In less than 100 years, international organizations have evolved from curiosities into keystones of international law. What began long ago as an unremarkable effort to coordinate a limited number of technical issues has grown into a global, multilevel, blended governing project with diverse competences in most fields of human endeavor and interests.
Law graduates who enter the field of international law, as well as political science, international relations, and diplomacy, are increasingly expected to have a strong knowledge of the law of international organizations. Beyond knowledge, graduates are also expected to be able to solve new emerging legal problems confronting organizations.
This book introduces students to the law of international organizations through the careful study of the most recent cases and other materials from the International Court of Justice, United Nations Security Council and General Assembly, World Trade Organization, international criminal tribunals, European Union, European Court of Human Rights, International Labour Organization, various domestic courts and arbitral panels, and other bodies. In doing so, it undertakes a critical examination of legal rights and duties, exposing the fundamental questions that arise when addressing a range of issues within an organization. In order to provide the best foundation, the textbook focuses on several key topics: the law of treaties, creation of organizations, membership, powers of organizations, legal effects of their acts, organs, immunities, and responsibility.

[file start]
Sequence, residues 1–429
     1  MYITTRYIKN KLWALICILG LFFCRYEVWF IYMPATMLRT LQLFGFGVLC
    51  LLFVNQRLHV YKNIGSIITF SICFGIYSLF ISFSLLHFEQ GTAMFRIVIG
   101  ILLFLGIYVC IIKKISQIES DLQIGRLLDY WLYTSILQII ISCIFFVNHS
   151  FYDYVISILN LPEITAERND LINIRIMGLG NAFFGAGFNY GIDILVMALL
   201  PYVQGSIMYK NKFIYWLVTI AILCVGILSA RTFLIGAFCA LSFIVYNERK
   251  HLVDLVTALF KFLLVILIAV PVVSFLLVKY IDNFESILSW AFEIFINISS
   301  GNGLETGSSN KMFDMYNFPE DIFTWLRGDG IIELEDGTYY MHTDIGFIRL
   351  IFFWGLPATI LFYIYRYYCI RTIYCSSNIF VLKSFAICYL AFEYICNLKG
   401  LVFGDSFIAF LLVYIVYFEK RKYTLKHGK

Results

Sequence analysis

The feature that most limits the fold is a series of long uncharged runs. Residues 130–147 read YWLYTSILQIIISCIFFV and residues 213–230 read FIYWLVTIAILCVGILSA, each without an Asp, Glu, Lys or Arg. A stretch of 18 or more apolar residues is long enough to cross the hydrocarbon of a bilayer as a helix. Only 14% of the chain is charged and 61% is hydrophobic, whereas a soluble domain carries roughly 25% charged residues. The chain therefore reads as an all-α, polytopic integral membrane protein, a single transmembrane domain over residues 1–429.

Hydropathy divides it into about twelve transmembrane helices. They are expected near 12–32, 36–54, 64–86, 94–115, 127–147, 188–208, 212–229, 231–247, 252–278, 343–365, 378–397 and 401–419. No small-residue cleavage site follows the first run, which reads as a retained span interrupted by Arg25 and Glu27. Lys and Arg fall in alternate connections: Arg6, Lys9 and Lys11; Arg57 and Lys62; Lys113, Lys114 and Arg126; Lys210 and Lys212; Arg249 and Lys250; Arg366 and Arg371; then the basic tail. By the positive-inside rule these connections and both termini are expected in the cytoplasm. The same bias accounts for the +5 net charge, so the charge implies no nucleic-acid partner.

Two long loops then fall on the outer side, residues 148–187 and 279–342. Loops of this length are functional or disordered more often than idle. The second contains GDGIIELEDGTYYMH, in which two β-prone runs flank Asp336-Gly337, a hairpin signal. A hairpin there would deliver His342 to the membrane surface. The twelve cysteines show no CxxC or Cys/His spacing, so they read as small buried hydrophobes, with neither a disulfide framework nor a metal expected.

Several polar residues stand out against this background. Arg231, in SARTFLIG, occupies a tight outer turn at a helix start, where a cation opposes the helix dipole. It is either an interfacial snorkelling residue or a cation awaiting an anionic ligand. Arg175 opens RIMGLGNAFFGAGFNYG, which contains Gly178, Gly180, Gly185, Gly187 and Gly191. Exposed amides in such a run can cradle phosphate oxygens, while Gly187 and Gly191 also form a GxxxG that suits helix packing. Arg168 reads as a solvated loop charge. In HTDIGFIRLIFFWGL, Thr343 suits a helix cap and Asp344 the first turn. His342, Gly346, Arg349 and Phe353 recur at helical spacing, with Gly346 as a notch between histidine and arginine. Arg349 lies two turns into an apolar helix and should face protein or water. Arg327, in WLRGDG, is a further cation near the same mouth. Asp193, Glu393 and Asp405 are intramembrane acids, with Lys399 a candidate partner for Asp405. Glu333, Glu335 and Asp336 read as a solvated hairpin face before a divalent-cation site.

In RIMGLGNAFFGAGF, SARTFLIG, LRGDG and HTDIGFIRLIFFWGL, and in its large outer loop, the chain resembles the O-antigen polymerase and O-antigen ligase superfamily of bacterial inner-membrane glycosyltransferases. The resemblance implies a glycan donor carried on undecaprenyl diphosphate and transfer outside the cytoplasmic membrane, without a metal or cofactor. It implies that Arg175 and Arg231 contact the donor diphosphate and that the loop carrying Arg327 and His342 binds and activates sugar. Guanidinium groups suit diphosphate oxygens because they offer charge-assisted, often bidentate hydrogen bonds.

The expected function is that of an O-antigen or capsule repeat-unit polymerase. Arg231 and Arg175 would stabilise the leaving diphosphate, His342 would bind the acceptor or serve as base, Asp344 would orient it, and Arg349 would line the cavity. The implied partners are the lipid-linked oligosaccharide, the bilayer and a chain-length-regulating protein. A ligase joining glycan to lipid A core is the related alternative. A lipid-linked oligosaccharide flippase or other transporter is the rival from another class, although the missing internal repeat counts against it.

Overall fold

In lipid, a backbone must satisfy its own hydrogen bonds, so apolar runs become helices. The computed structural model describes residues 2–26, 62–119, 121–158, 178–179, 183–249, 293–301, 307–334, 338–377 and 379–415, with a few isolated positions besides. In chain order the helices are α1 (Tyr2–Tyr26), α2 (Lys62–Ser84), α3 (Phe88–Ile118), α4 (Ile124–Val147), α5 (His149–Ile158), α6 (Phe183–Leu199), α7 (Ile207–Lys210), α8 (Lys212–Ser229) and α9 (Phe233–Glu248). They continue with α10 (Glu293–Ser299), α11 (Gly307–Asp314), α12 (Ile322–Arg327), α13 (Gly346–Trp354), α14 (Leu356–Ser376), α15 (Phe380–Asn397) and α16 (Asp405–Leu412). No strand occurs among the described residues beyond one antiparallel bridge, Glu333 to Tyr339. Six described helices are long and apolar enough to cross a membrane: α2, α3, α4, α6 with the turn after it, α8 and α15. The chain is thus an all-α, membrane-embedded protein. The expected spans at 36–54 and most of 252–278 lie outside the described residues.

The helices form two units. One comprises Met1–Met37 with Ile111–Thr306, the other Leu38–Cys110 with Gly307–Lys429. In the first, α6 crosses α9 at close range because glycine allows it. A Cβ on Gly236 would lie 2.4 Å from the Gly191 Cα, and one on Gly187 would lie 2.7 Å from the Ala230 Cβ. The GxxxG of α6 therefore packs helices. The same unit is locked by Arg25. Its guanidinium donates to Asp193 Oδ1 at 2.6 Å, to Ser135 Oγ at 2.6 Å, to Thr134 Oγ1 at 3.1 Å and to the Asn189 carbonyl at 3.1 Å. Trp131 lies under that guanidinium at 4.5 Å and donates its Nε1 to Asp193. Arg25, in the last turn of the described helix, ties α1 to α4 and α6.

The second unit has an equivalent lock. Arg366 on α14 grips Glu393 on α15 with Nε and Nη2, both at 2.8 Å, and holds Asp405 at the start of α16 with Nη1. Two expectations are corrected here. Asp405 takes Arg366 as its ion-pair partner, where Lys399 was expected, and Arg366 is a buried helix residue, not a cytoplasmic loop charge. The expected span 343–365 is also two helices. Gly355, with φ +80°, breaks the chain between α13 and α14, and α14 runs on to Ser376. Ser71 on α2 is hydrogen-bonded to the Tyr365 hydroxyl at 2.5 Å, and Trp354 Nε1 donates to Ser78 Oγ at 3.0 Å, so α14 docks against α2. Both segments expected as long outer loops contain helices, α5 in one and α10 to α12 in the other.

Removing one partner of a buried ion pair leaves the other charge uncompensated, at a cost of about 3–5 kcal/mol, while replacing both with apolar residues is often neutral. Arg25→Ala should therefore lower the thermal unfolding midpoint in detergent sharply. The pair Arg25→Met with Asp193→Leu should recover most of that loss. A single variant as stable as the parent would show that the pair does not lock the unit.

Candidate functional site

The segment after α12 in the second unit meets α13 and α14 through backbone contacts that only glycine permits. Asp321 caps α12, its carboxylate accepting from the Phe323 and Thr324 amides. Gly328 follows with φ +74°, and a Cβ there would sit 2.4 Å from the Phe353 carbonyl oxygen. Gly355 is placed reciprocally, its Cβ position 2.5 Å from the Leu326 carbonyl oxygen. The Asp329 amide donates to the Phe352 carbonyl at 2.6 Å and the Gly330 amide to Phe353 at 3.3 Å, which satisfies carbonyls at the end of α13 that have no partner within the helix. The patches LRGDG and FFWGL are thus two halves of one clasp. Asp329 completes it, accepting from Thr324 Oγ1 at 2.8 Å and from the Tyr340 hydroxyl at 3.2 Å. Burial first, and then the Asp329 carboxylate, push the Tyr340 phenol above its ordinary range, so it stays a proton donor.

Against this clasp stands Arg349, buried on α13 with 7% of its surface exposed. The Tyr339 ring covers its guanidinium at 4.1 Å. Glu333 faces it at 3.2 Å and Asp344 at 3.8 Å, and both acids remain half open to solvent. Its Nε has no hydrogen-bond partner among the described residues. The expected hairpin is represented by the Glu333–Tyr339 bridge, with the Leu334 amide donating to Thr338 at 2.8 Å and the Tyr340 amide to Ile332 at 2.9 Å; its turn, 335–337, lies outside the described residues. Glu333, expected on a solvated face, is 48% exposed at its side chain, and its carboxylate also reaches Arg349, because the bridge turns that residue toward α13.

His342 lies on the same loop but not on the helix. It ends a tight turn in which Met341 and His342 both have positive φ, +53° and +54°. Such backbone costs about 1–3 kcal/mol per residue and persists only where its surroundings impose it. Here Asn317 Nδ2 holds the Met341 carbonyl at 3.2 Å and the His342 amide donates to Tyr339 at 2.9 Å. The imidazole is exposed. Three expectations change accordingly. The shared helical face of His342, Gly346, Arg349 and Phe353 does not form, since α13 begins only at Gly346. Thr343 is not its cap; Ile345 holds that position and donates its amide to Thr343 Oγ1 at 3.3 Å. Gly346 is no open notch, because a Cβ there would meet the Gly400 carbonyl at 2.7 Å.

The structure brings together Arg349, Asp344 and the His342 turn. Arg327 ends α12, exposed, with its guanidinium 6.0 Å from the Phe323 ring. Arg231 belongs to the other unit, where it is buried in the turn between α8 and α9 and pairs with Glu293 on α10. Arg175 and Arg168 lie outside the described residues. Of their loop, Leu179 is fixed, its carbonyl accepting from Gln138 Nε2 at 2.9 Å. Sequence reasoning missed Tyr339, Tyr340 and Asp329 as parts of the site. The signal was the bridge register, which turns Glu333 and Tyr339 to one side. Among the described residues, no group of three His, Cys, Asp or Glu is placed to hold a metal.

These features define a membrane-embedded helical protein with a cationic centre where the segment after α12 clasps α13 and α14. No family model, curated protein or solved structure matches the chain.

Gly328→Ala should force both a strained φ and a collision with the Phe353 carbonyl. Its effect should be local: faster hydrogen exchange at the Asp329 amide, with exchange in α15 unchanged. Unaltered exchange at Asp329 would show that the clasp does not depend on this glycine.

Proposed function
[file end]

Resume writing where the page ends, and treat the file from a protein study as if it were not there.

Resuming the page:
This book is best suited for students who are studying international organizations and who have already had one or more courses on international and/or European law.
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